When you are boundaryless, you have no container for your own emotions.

You say what you feel. You are an emotional time bomb that could go off the moment someone says or does something that hurts or offends you.

At the same time, you are not protected from the emotions of others. When someone treats you poorly, or says something that hurts your feelings, you take it personally. You react and lash out without thinking.

You frequently blame others for your emotions, moods, words, and actions.

People who experience a lot of boundarylessness are often “Anxious,” like Sandra.

Their unboundaried emotions often consume the emotions of others and smother any real chance at intimacy.

Walled-Off

On the other extreme of the spectrum, you have someone who is completely walled-off.

Your boundaries can be so impermeable and thick that connection with other people – even people you love – is virtually impossible.

This is common of someone who is an “Avoider” like Alex.

People who hide behind a big emotional wall are often perceived to be distant, aloof, and uncaring.

But on the other side of that wall is often a person who is insecure, afraid of being hurt, or deeply uncomfortable feeling their emotions.

yoann-boyer-k_otmBS5VHQ-unsplash

They put up the wall to protect themselves from others… but also to protect others from their worst selves.

In the past, when people have been persistent enough (or launched an emotional cannonball that was large enough) to get through that thick emotional wall, they’ve usually been met with anger, insults, and judgment.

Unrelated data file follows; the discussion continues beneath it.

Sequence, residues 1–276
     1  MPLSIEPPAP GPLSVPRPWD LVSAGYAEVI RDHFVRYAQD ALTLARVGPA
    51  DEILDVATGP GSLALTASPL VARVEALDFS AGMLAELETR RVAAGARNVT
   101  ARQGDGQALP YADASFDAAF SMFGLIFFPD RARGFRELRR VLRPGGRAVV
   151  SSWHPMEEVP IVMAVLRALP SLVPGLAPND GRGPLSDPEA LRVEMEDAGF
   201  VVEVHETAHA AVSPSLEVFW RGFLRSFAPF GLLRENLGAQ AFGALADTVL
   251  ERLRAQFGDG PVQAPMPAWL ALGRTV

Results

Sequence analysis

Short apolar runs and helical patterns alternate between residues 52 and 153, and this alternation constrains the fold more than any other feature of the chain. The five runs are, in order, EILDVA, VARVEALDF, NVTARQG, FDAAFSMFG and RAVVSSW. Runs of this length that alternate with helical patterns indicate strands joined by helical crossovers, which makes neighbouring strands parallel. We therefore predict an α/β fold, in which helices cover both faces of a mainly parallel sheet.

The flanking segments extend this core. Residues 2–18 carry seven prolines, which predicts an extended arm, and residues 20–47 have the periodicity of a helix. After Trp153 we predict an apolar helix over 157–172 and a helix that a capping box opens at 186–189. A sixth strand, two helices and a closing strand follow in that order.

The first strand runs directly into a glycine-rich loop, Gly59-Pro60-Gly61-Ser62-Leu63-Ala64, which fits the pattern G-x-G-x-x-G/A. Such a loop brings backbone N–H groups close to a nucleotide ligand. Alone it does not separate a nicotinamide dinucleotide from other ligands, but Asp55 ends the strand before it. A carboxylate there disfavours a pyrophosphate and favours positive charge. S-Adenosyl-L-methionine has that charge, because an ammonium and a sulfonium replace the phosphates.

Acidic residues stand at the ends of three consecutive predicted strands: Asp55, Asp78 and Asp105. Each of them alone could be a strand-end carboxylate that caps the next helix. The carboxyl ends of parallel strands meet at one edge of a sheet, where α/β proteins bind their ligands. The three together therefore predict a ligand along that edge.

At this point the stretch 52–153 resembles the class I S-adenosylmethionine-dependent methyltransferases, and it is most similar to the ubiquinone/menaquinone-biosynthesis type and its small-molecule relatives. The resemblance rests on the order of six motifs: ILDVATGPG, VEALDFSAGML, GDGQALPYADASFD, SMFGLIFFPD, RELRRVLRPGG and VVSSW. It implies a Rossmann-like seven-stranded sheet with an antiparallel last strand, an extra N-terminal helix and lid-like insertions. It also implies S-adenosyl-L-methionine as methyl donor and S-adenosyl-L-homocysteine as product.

A walled-off person is typically just a boundaryless person hiding behind an emotional fortress.

The goal in any healthy relationship is to move away from the extremes and towards the middle of the spectrum.

You don’t want boundaries that are so impenetrable that you isolate yourself from connection with others. You have to be courageous enough to step out from behind that wall, feel your emotions, and connect with others more regularly.

On the flip side, you want enough of a boundary in place that you can remain grounded, safe, and rational. You don’t want to lose control of your emotions or be so deeply affected by the emotions, words, or actions of others that you become an emotional bomb.

Let’s Talk Self-Esteem

The other axis we need to be aware of if we want to create a more healthy, connected, and intimate relationship is our self-esteem.

On the one-down side, you’ve got the serious weight of self-loathing and personal shame to worry about.

On the one-up side, you’ve got grandiosity knocking on the door.

Relationship Grid part 2

One-Down - Shame

Shame is dangerous. It’s the belief that there is something inherently wrong with you.

“I am bad/unworthy/unlovable/fundamentally flawed.”

When you act as if you are unworthy of love, you’re more likely to be withdrawn, depressed, and anxious.

You will often be desperate to seek validation and reassurance from your partner by any means necessary. Your self-worth is borrowed, and dependant on how other people feel about you at any given moment.

You become a pleaser. Dedicated to doing everything in your power to make others happy so you can feel good about yourself.

Or…

You become an emotional hermit.

A perpetual victim.

You withdraw, sulk, and complain that nothing you ever do is good enough.

You stop putting in effort because you have told yourself that any effort will result in failure, so it’s better to simply stop trying.

You self-medicate and attempt to numb your emotional pain with food, alcohol, drugs, porn, gaming, or other behaviors and substances.